How I Make a Lidded Jar
Hi. Here’s how I make a lidded jar.
First, it is thrown on the wheel, dried, flipped, dried some more, trimmed. This is the result. To me it sort of looks like a tulip glass, but it wasn’t chosen for any reason other than I just happen to find that shape to be beautiful.
I begin to mark a repeating elevation on four evenly space places around the pot, usually at the widest part, using a compass with the pencil removed. This gives me reasonably consistent results.
I open the compass wider and make another set of four evenly spaced marks exactly halfway between the first set, and an inch or two higher up on the pot.
I sponge the lip and foot with a very wet sponge to help prevent the clay from chipping apart at those places like it wants to.
After letting the new moisture settle into the clay, I flip it over and get ready to cut it.
I cut a series of “u” shapes using the small pin holes as a rough guide. I rarely manage to hit the marks exactly, but the help at least keep things sort of consistent.
I remove the whole bottom section.
I remove the top section from the banding wheel and put the bottom half there, right side up.
I cut the bottom section in half vertically at the bottom of the V on two opposite sides.
The edges are carefully rounded with a sponge.
The joining faces are carefully scored with my trusty scraper.
And then slip is applied.
Then they are stuck back together.
I set that part aside while the slip sets up. On to the top section. It is quartered. I used the bottom of each ‘U’ shape as the dividing point, resulting in a nice staggered joint pattern. It works structurally the same way a common bond brick pattern does. The staggered seams will help hold the piece together during glazing and firing.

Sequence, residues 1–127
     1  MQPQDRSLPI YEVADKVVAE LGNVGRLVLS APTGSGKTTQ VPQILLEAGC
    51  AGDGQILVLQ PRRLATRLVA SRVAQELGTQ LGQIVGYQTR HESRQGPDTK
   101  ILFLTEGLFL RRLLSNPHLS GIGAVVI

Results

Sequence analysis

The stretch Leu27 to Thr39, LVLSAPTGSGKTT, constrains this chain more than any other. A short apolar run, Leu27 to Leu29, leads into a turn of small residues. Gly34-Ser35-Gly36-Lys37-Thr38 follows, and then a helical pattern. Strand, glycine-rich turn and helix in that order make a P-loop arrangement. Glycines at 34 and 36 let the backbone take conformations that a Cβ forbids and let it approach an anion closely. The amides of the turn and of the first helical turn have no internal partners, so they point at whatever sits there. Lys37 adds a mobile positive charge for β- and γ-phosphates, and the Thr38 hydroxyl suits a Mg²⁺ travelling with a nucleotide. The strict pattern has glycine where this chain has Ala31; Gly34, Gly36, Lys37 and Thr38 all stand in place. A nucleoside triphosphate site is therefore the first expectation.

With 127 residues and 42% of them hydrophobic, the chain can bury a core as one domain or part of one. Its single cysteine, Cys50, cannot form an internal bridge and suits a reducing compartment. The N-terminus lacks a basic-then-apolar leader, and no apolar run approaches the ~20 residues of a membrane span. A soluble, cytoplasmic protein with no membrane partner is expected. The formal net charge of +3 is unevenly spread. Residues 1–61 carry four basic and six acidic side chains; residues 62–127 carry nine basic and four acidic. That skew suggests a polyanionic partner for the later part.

For the undulating, flower-like lip-line, I whittle away a bit from the middle of the lip and then sponge that smooth.
I am careful to keep the order of the parts preserved to save myself from some puzzle solving later on. These parts are scored and set aside as I finish the bottom section.
Now, the bottom section is split again on the other ‘V’ shapes. They are cleaned up and scored.
From my stash of finished floor discs, I take the one that fits perfectly, and insert it into the groove. I put the two halves together and make sure everything fit nicely. If it is a bit tight, I adjust the diameter with a sponge until it is perfect.
I slip and reassemble those parts, careful not to let any slip touch the disc. It must be free-floating in the groove to allow for expansion and contraction. If you know anything about cabinet making, this will make perfect sense.
Next, I begin to Reassemble the top half, in place, one piece at a time, like this.
Now the body is finished. The lid is put together in a very similar fashion.
This pattern is called “Arches” when applied to vertical forms, and “Tortoise” when applied to bowls.